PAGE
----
Please remember this.
I still tried to work though, felt terrible and I needed days off exhausted and couldn’t cope with any kind of minor noise, let alone supermarket shopping or church. No one told me I could or should stop, no one offered support, no one said I could just stay in bed and that would be the best thing for me.
I finally got assessed about six weeks after the accident and scored in the 30th percentile for my visual memory (which explains why I was having panic attacks at work about clients names and faces and was basically avoiding answering the phone) and told I had a Mild Traumatic Brain Injury. This was one of the most devastating moments of my life and I still remember that feeling of driving away from the clinic wondering if I’d ever beat anyone at a board game again – funny what my priorities were right.
The next five or six weeks were a blur of sleep disturbances and the worst headache ever that just sat on top of my head. But I was still trying to work half days at work – basically I was just clearing emails and that was about it, no one figured that out for a while though and I think if I’d had an open plan office things would have been quite different as I am sure I would have thrown something at a noisy person and faced disciplinary action! I was tucked away in a private office so no one really noticed I wasn’t coping.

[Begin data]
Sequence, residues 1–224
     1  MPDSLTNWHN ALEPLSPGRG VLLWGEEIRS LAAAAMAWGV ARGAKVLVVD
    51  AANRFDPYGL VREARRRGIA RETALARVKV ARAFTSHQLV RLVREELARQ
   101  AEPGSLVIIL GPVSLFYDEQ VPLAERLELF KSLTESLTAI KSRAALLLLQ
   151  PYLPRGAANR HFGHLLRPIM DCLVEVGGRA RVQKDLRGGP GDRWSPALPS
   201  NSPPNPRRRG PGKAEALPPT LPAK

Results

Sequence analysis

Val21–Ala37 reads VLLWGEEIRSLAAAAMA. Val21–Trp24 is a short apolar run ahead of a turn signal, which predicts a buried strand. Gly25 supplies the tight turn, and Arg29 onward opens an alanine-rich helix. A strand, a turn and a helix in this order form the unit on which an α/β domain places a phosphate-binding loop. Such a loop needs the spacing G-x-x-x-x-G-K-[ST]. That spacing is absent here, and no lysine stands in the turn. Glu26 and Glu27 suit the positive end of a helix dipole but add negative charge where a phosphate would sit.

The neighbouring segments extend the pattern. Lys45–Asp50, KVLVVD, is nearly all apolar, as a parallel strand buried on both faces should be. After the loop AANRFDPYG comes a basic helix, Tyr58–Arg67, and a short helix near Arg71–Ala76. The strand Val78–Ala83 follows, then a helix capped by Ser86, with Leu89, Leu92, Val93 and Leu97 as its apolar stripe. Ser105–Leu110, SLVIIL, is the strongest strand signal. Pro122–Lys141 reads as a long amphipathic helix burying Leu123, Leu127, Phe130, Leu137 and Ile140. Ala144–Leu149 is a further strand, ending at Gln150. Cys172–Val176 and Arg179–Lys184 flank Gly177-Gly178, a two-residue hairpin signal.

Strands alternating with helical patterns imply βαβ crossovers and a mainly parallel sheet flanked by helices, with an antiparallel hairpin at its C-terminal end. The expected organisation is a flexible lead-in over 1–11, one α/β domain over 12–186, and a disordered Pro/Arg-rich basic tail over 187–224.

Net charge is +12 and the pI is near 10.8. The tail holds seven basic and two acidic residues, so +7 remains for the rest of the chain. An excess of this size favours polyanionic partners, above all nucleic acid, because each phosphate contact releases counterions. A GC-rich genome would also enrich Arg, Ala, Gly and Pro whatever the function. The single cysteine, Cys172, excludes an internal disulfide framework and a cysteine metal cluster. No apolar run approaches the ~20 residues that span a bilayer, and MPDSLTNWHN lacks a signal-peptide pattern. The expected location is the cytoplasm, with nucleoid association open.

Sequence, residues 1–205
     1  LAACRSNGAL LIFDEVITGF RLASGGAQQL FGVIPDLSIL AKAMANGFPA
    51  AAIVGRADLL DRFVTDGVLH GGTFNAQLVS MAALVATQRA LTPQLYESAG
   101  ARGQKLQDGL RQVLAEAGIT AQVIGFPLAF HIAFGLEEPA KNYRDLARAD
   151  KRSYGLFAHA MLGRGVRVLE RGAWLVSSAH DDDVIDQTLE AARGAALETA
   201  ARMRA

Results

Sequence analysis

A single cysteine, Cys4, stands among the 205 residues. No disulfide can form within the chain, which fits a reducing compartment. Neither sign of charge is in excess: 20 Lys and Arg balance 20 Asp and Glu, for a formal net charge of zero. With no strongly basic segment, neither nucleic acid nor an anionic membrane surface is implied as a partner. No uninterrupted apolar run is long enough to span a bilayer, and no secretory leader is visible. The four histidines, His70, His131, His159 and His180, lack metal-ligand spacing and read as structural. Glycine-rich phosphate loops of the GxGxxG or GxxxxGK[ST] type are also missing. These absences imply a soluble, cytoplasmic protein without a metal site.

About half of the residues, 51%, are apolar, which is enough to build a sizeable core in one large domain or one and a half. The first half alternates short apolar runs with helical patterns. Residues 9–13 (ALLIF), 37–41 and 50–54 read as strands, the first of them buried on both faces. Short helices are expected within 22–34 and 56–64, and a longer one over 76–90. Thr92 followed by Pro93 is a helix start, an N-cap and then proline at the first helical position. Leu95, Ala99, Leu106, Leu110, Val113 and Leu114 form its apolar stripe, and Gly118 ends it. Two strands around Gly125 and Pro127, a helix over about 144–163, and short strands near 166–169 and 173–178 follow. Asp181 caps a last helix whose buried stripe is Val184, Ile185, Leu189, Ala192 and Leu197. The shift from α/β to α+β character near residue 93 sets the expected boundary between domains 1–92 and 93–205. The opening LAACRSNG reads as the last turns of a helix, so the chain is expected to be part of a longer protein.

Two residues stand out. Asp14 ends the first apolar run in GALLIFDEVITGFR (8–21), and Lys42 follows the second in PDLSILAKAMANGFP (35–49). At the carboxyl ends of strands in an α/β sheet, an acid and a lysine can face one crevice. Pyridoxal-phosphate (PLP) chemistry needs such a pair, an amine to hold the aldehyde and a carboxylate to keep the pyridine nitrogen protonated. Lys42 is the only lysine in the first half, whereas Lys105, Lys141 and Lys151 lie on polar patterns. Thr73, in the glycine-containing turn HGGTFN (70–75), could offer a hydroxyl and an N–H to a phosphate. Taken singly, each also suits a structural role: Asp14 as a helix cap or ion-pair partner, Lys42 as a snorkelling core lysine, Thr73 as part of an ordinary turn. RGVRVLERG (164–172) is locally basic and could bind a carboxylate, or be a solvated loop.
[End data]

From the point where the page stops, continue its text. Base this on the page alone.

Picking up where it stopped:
Most of the friends I thought I had, dropped out of my life at that point and my own family just ignored me and the fact that anything was wrong (that is a complex issue in itself). My faith also suffered as I was unable to read my bible, listen to music or attend church. Luckily I found an online church community which was quite literally a life saver – I could watch online and turn the volume right down if needed. I also hit my head again cleaning my house and literally saw stars and had to go to bed for the rest of the weekend, which I think probably really impacted on my recovery more than I realised at the time. This time was a sad, lonely time that I spent mostly in denial that anything was really wrong with me.